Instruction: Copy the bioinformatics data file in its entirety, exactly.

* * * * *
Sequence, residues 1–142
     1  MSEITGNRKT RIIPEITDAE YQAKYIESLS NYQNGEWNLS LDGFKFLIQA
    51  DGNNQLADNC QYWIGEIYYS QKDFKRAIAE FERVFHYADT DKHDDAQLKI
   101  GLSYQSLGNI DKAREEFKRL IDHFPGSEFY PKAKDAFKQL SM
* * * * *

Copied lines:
Sequence, residues 1–142
     1  MSEITGNRKT RIIPEITDAE YQAKYIESLS NYQNGEWNLS LDGFKFLIQA
    51  DGNNQLADNC QYWIGEIYYS QKDFKRAIAE FERVFHYADT DKHDDAQLKI
   101  GLSYQSLGNI DKAREEFKRL IDHFPGSEFY PKAKDAFKQL SM